The Intermediate-Range Nuclear Forces, or INF, Treaty has been central to limiting the kinds of nuclear weapons both countries can deploy, and without it, experts fear there will be a new nuclear arms race.
"When an agreement is so brazenly disregarded, and our security so openly threatened, we must respond," Pompeo said at the State Department.
(MORE: Trump says he's terminating a major nuclear treaty with Russia. Here's what you need to know.)
Pompeo first announced the U.S. intention to withdraw in December, giving Russia a 60-day window to come back into compliance, and that window runs out on Saturday. Withdrawal now requires an additional six-month window, according to the treaty's terms. The agreement, signed by President Ronald Reagan and Soviet leader Mikhail Gorbachev, banned ground-launched cruise missiles with a range between 310 and 3,100 miles.
While Pompeo spoke only of Russia, U.S. officials have been concerned about China's growing military prowess as China is not a party to the Cold War pact. Officials worry that puts the U.S. at a military disadvantage, although a senior administration official denied Friday that the decision was made because of the actions of any other country besides Russia.
President Donald Trump issued a statement saying Russia had violated the INF Treaty with "impunity, covertly developing and fielding a prohibited missile system that poses a direct threat to our allies and troops abroad."
The U.S. first accused Russia of violating the pact in 2014, but Russia first denied it possessed the weapon in violation and then later said that weapon didn't violate the treaty's terms.
Kremlin spokesperson Dmitry Peskov said Friday Russia regrets the U.S. decision and accused the U.S. of being "unwilling to hold any substantial talks."
But the top U.S. diplomat for arms control had met with Russia repeatedly in the last two months, saying after each meeting that Russia continued to deny its deployment and the U.S. had no other choice.
With the six-month wind-down period beginning Saturday, Russia could still return to compliance and save the treaty: "This is their final chance," a senior administration official said.
While critics have expressed alarm about a new arms race, Pompeo argued that that arms race is already underway because of Russian proliferation. Instead of being constrained by a treaty that didn't have both parties abiding by it, Pompeo said, the U.S. had no choice but to end it.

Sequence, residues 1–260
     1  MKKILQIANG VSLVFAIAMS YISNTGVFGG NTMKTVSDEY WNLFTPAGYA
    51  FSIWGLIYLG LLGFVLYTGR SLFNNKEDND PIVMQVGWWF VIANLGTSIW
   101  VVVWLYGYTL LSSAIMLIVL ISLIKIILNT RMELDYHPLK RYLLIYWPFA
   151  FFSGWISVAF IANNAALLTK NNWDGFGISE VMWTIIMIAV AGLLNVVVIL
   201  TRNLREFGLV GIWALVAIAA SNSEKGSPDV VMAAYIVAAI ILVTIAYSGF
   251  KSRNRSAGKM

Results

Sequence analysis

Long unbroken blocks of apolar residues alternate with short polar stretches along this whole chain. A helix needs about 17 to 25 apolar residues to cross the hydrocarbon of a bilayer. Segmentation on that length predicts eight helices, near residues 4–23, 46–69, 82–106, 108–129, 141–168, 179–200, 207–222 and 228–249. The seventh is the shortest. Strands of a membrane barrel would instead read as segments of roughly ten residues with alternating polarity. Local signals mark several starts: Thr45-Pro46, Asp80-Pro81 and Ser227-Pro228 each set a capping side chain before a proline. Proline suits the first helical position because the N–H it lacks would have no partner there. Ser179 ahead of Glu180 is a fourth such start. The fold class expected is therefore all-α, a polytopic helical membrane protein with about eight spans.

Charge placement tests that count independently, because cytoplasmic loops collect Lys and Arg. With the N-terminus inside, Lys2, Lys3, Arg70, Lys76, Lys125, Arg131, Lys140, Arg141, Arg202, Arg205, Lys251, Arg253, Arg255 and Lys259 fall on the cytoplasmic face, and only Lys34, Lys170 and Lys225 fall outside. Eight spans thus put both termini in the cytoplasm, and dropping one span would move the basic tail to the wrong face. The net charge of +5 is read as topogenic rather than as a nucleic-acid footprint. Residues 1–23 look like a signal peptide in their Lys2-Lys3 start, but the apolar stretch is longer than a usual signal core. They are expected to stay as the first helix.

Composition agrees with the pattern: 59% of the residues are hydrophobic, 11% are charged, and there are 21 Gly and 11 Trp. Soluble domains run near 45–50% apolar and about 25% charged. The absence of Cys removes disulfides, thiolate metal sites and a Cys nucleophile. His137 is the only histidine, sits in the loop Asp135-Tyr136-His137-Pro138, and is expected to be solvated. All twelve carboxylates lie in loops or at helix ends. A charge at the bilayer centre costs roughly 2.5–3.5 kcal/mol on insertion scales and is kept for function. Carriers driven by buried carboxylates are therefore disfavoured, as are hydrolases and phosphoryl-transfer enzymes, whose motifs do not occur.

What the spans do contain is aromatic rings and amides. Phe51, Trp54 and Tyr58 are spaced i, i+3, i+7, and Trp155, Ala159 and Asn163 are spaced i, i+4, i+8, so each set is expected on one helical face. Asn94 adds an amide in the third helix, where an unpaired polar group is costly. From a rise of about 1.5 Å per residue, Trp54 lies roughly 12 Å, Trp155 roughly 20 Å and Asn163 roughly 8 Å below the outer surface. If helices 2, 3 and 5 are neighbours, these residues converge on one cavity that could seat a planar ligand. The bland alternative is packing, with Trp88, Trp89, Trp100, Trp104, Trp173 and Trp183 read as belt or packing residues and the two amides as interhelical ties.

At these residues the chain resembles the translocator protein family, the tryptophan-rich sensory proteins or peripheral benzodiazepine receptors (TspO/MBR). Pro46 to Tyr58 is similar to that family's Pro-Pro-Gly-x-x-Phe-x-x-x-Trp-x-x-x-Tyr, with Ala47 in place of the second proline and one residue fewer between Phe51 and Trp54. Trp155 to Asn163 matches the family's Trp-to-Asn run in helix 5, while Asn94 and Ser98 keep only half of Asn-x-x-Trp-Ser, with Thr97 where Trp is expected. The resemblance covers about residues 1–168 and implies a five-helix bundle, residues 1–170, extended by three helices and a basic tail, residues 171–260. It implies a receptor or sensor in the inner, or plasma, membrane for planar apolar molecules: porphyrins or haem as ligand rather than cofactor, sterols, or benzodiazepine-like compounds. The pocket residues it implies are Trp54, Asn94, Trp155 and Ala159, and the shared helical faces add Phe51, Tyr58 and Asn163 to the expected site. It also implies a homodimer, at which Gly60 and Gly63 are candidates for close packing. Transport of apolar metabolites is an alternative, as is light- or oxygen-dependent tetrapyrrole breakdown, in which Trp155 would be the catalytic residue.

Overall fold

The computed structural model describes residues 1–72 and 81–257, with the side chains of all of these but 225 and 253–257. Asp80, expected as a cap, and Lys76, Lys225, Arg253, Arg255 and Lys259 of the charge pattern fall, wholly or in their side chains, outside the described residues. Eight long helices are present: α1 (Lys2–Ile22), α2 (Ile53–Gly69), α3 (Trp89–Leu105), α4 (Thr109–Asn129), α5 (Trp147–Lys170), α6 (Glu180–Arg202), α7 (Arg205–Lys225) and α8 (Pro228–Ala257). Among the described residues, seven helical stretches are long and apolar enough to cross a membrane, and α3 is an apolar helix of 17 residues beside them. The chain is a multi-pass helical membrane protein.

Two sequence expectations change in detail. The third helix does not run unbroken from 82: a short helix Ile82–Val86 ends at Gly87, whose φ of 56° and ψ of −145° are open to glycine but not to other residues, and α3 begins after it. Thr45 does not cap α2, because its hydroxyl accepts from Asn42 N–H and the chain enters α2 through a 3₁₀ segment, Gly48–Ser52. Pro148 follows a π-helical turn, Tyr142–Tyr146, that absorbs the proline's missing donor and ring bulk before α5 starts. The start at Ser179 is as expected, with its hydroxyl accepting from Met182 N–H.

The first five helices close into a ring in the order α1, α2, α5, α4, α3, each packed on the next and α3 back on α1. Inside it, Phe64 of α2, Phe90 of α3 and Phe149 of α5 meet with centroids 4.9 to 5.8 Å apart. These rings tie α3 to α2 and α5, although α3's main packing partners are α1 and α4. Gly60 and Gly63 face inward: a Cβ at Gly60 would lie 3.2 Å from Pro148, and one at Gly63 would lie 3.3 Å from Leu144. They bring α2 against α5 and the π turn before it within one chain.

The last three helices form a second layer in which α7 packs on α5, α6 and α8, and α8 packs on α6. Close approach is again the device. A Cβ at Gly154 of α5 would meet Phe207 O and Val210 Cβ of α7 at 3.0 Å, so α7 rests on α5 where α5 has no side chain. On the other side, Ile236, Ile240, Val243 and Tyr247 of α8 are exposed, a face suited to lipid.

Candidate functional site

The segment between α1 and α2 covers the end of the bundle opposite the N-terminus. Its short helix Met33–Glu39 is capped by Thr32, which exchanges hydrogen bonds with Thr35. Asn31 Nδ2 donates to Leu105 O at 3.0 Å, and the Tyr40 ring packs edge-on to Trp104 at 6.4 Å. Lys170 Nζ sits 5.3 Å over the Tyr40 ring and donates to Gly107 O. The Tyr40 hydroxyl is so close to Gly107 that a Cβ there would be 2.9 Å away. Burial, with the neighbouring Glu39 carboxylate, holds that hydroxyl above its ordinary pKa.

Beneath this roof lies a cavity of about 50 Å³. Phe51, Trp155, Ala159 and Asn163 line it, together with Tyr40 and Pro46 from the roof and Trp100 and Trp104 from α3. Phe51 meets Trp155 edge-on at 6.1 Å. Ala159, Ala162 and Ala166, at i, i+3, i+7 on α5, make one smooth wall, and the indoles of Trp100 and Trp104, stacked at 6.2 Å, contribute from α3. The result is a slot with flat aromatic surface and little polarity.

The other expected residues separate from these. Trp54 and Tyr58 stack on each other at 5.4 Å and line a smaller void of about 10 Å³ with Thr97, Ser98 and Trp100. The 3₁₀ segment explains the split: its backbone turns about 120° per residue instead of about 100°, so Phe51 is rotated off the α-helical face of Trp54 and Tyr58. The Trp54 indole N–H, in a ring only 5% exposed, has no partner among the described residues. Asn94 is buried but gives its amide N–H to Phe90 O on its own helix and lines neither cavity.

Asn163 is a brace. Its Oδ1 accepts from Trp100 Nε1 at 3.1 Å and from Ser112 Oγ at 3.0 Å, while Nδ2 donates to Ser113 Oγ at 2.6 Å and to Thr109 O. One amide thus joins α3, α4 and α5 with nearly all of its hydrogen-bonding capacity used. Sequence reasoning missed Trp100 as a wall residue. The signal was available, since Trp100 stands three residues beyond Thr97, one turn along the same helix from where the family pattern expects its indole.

"It does no good to sign an agreement if the parties aren't going to comply with it. The piece of paper, if it's not being complied with, doesn't reduce the risk. It doesn't take down that threat to the people around the world," he told reporters.
A senior administration official later told reporters that any talk of a new arms race was "Russian propaganda" and that the U.S. was only looking at expanding its "conventional [weapons] options at this point."
Pompeo and Trump also said that U.S. allies in Europe were with them, with Trump's statement saying, "Our NATO Allies fully support us, because they understand the threat posed by Russia's violation and the risks to arms control posed by ignoring treaty violations."
NATO Secretary-General Jens Stoltenberg said the alliance "fully supports the U.S. suspension & notification of withdrawal from the Treaty."
But there are concerns about what comes next. Stoltenberg urged Russia to "use next 6 months to return to full & verifiable compliance or bear sole responsibility for its demise," but that is not likely.
Without the INF Treaty, the question becomes how will the U.S. contain Russia's missile proliferation.
Critics like Sen. Bob Menendez, the top Democrat on the Senate Foreign Relations Committee, say the Trump administration "lacks a coherent strategy to address the threat new Russian cruise missiles pose to the interests of the United States and those of our allies."
"The administration has advanced no plan to make Europe safer now, no strategy to address the fielded missile, and no agenda for mitigating a new costly arms competition with Russia," said Pranay Vaddi, a fellow at the Carnegie Endowment for International Peace.